It was after making love to his wife
at their villa overlooking the Riviera that Jean-Louis
Turquin revealed how he had snatched their eight-year-old
son while he slept, strangled him and then buried him
under a cross in the mountains above Nice.
The veterinary surgeon was unaware
that his wife, Michèle, had switched on a tape recorder
under the bed in the hope of tricking her husband into a
confession. The recording was the crucial evidence that
led to Turquin's 20-year sentence for murdering his son,
No body was found, no witnesses came
forward and police never traced the spot where Charles-Edouard's
body supposedly lay. But as Turquin, who denied the
killing in court, began a hunger strike in jail this
month to clear his name, a new theory has come up as to
the identity of the killers.
Turquin was accused of killing a son
whom he adored because his Jewish wife had been
unfaithful. The revenge took on racist overtones when
Turquin, a practising Roman Catholic, allegedly became
obsessed with the belief that the lover, a Jew, was
Charles-Edouard's real father - factors which the
prosecution linked to burial under a wayside cross as an
act of religious purification.
The suspicion inspired a bestselling
novel, Mariage Mixte, in which author Marc Weitzmann
used the Turquin case to explore murderous tensions
inside a Christian-Jewish marriage. A court refused to
ban the book despite its theme closely following the
abduction and strangling by a Christian father of a
child called Charles-Edouard, in an act of hatred
towards an unfaithful wife.
It took six years after Charles-Edouard's
disappearance in March 1991 before Turquin was brought
While Turquin's wife insisted the
child had been killed by his father, Turquin claimed he
had been kidnapped by Michèle's lover and taken to
Israel to be raised in an Orthodox Jewish school.
In court, Turquin said he was only
acting out the role of a murderer that his wife wanted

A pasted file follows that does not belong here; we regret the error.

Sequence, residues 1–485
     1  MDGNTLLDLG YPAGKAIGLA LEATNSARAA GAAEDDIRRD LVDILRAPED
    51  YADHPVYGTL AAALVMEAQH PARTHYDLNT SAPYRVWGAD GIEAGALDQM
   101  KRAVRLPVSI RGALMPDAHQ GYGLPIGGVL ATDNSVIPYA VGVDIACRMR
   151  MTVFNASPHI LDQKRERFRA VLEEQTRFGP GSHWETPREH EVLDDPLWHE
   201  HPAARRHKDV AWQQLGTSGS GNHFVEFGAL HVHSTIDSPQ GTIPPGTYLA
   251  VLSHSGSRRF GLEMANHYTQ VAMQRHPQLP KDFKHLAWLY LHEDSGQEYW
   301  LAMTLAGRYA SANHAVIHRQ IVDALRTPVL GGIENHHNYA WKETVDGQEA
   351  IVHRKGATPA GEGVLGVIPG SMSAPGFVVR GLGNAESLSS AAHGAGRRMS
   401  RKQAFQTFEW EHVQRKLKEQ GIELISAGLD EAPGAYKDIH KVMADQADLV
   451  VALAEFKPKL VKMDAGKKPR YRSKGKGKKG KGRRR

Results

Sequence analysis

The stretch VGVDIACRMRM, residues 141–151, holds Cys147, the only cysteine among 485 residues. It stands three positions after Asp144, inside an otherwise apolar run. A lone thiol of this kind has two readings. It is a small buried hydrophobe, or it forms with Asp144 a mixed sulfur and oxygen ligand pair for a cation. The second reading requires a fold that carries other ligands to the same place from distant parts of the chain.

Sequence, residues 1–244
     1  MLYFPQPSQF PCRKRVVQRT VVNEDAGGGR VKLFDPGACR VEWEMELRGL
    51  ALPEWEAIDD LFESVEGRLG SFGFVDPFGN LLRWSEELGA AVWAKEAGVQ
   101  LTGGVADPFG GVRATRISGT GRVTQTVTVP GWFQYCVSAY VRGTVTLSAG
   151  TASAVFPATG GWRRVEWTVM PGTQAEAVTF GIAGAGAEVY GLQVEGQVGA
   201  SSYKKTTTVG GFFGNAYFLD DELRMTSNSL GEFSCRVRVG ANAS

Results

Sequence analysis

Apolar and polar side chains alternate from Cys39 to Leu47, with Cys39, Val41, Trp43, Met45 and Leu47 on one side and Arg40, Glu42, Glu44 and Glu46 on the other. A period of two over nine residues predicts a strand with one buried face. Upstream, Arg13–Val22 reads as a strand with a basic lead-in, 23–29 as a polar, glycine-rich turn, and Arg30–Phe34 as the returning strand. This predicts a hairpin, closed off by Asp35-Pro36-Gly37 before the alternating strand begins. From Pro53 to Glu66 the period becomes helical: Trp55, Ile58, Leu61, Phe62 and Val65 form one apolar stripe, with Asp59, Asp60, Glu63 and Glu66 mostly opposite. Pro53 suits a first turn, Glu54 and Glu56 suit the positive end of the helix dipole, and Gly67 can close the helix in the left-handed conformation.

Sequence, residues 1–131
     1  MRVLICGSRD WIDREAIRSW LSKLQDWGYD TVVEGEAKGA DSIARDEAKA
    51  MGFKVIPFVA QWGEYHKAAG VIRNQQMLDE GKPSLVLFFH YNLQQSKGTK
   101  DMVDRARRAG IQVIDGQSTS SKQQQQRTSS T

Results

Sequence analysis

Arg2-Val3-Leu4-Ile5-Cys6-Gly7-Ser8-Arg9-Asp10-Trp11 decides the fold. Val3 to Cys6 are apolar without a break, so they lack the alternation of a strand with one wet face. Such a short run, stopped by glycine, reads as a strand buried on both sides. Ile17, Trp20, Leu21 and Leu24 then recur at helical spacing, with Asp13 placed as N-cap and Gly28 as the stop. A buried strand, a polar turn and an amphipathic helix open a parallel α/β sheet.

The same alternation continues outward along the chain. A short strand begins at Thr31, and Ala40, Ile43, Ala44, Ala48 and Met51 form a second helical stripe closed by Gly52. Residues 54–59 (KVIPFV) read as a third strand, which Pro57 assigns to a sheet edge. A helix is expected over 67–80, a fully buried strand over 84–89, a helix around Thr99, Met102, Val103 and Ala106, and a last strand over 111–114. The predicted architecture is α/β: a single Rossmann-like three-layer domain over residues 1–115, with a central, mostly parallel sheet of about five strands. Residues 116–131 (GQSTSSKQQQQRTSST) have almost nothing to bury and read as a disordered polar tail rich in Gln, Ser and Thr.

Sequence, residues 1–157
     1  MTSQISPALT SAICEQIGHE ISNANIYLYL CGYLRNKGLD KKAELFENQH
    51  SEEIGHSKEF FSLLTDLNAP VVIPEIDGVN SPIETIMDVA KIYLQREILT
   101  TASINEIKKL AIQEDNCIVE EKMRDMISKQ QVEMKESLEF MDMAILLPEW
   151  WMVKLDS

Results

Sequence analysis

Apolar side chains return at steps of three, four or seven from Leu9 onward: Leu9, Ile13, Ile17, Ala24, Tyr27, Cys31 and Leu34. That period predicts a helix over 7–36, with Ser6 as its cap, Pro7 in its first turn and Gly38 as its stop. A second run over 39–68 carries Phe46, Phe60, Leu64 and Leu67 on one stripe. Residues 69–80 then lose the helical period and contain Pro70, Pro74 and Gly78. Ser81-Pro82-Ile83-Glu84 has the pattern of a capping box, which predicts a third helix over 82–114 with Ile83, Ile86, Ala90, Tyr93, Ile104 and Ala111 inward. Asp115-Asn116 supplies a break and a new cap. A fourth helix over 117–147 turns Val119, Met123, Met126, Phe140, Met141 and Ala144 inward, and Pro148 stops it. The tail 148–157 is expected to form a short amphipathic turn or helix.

him to play while making love. Friends gave evidence
that he 'adored' his son. Turquin told prison guards
'Charles-Edouard is still alive', but his cause seemed
hopeless until a letter arrived at the office of
Turquin's lawyer, Jean-Marc Varaut.
'A prisoner in an eastern French jail
wrote that a cellmate had admitted killing the boy by
accident while driving past the Turquin house at night,'
Varaut said. 'With an accomplice, he had carried out a
burglary near Nice and was driving away at speed when he
saw a child wearing only pyjamas and a dressing gown
crossing the road. The car hit and killed him. The
thieves buried the boy in a place yet to be identified.'
Police have reopened the inquiry and
a retrial is under consideration. Varaut said the new
evidence provided elements of both hope and tragedy for
Turquin. 'From one viewpoint it could ensure his release
from jail. From another it would end all hope of ever
seeing his beloved son again. He has clung desperately
to the idea that the child is alive in Israel.'
Confession may clear 'child killer'
One of France's most celebrated
murder cases took a new twist yesterday as unexpected
evidence emerged that may finally clear a Nice
veterinary surgeon sentenced to 20 years in jail for
murdering his eight-year-old son.
A jury in the Riviera capital
convicted Jean-Louis Turquin in 1997 of killing Charles-Edouard
in 1991, saying he was guilty of "the most despicable of
crimes" despite the fact that the boy's body was never
found, nor any material evidence produced to link the
father to the crime.
But now a prisoner in northern France
has written to one of Turquin's lawyers claiming a
cellmate had told him that he had accidentally knocked
down Charles-Edouard while fleeing a robbery and had
hidden the body "where it would never be found".
The Turquin case gripped France.
Court psychologists portrayed Turquin and his wife,
Michele, who were in mid-divorce, as a "deeply perverted"
couple whose relationship was "dominated by sado-masochistic
tendencies" and who had never wanted the child.
Charles-Edouard was reported missing
by his father early on March 21 1991. The one piece of
evidence against the vet, with whom the boy shared a
bedroom in a luxury villa on the outskirts of Nice, was
what was purported to be a tape recording of a phone
conversation between him and Michele in which he
appeared to tell her that he had strangled their son.
Experts cast serious doubt on the
authenticity of the recording and Turquin said he had
been set up by Michele and that the so-called confession
was just part of the couple's habitual bizarre role
The vet was nonetheless jailed for
two decades and denied any right to appeal.